In May 1957, Austria’s interior minister Oskar Helmer told his council of ministers that the country had “earned ourselves a name in the entire world” for its generous treatment of people fleeing the failed Hungarian Revolution. Its capital, Vienna, welcomed refugees from Hungary, Poland and Czechoslovakia over the course of the Cold War.
The current interior minister, Herbert Kickl, also got the world’s attention in January this year: he provoked controversy when he called for “infrastructure that would allow the authorities to concentrate asylum seekers in one place.” In recent years, especially since the election of a right-wing coalition government in 2017, Austria has taken an increasingly hard line on refugees. But the city of Vienna has pulled in the opposite direction, responding to record numbers of arrivals in 2015 by expanding the range of services it provides.
The city’s efforts to help asylum seekers — coordinating the work of different agencies and finding ways around restrictive federal rules — are a testament to the power of local government. But the challenges Vienna has faced, as national policy continues to grow harsher, also paint a stark picture of the limits of local initiative.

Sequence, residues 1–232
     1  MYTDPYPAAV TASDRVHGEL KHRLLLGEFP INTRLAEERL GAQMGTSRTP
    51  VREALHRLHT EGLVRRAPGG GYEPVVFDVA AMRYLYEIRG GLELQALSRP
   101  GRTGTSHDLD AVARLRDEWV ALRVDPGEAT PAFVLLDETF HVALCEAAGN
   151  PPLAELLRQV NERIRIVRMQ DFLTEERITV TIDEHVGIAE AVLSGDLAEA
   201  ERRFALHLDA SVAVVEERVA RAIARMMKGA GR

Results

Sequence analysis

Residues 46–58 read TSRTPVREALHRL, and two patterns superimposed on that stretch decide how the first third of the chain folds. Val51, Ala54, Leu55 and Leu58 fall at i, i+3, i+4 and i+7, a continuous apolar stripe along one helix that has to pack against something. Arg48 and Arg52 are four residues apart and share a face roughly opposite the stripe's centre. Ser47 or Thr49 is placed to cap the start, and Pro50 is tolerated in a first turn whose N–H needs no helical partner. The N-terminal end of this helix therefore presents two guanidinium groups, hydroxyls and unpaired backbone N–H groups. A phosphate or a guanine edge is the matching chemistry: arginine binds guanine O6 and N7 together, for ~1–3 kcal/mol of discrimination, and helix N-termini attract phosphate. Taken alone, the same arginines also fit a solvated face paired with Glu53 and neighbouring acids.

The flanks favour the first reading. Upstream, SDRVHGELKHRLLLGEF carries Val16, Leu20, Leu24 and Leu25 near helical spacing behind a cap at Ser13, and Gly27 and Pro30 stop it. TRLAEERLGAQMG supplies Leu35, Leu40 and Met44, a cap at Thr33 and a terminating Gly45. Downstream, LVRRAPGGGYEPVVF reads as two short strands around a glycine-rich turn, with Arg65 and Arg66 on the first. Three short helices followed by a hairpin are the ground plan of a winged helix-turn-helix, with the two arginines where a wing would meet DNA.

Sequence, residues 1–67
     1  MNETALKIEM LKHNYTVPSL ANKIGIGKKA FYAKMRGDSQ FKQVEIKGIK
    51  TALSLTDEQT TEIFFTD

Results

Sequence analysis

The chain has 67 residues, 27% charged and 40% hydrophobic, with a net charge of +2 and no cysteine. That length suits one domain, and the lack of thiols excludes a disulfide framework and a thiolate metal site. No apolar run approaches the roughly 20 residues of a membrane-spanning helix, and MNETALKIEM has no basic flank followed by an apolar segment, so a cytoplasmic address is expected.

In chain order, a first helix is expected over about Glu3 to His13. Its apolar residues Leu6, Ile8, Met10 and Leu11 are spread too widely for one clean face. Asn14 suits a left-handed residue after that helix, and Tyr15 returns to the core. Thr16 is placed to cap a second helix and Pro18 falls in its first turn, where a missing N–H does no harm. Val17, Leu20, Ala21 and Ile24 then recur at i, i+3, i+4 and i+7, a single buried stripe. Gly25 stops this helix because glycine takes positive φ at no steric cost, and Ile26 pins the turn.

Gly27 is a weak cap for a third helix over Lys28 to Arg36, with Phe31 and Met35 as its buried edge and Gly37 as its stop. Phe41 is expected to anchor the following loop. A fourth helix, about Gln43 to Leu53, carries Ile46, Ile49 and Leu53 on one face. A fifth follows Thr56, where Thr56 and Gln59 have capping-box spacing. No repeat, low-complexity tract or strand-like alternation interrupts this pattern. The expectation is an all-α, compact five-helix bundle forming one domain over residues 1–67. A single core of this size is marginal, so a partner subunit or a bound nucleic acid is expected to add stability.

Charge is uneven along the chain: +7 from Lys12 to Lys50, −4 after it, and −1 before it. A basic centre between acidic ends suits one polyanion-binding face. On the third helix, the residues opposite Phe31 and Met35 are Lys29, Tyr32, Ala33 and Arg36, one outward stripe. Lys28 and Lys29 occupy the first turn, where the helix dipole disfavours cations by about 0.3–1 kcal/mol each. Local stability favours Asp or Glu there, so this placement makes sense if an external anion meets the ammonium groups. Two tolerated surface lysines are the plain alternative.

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Avoiding past mistakes
Vienna launched Start Wien, its integration program for immigrants from outside the EU, in 2008. A previous generation of migrants, mostly guest-workers from Turkey and Yugoslavia, had been given very little help settling into the city.
“We realised that the first month and the first year are quite decisive for how you fit in to a country,” said Ursula Struppe, head of integration and diversity in the Vienna municipal government.
New arrivals are contacted when they receive their residence permit and given help to find a German language course that fits their personal circumstances, guidance about the city’s health and education systems and an introduction to the work opportunities available in Vienna.